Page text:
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    Default Why are Accretions Disks Planar? And Why do they Spin?

    So have recently watched "Nova: Black Hole Apocalypse" and the thought occurred to me, why does a black hole form an accretion disk in a planar form? Why would it not be a sphere? And then why does it spin? If the gasses were distributed randomly with random trajectories around a black hole upon forming, why would they begin to spin? And why do they always seem (at least in depictions) to spin in the same direction?

    Now, I assume whatever causes this spin is also what causes galaxies to form in primary disk shapes, and to spin...

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    Default Re: Why are Accretions Disks Planar? And Why do they Spin?

    If the star was spinning when the black hole formed from it, the black hole will spin as well.

    Going by neutron stars and pulsars - conservation of momentum results in the tiny objects spinning faster than the larger ones. So, even if the star was a slow-spinner - it will tend to produce a fast-spinning pulsar or black hole.
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    Default Re: Why are Accretions Disks Planar? And Why do they Spin?

    https://en.m.wikipedia.org/wiki/Protoplanetary_disk

    I don't have time to do a full write-up, so I'll leave this wikipedia article here. The first paragraphs under the 'formation' heading describe how and why the proto-stellar nebula collapses into a disk, and the accretion disk of a black hole follows the same physics.
    Last edited by DeTess; 2019-07-25 at 04:05 AM.
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    Default Re: Why are Accretions Disks Planar? And Why do they Spin?

    Quote Originally Posted by hamishspence View Post
    Going by neutron stars and pulsars - conservation of momentum results in the tiny objects spinning faster than the larger ones. So, even if the star was a slow-spinner - it will tend to produce a fast-spinning pulsar or black hole.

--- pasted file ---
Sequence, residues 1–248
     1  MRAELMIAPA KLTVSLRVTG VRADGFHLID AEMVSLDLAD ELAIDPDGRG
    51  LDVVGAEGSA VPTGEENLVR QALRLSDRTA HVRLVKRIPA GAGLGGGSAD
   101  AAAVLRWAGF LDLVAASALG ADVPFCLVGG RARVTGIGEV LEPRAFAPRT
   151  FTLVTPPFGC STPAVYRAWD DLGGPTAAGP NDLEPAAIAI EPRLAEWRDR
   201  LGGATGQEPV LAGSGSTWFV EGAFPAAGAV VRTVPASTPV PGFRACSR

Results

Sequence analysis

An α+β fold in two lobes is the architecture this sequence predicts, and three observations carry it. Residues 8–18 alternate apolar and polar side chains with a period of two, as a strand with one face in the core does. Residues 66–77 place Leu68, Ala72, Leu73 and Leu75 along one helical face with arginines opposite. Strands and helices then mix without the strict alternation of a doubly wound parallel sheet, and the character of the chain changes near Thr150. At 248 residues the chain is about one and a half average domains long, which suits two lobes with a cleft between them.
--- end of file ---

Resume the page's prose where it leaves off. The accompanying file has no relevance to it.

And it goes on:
The demonstration I always remember is a dancer spinning on the spot with her leg held out straight. If she drew the leg in she spun faster even without making any other changes. Worth noting that some neutron stars spin absurdly fast--I think the fastest we've found is up around 700 revolutions per *second*, which means (even given how small neutron stars are) its surface is moving around 0.25c!

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    Default Re: Why are Accretions Disks Planar? And Why do they Spin?

    All the gas and dust particles start being spread out completely randomly and moving in random directions with random velocities. The only thing they have in common is that they are all being pulled towards the common center of gravity. But as they all get closer and closer together, collisions becomes more frequent and every time you have two partices colliding, their new speed and direction will be closer to their combined average speed and direction. This happens over and over and over, until you eventually have all speeds and directions averaged out and the whole thing starts getting closer to being a disk.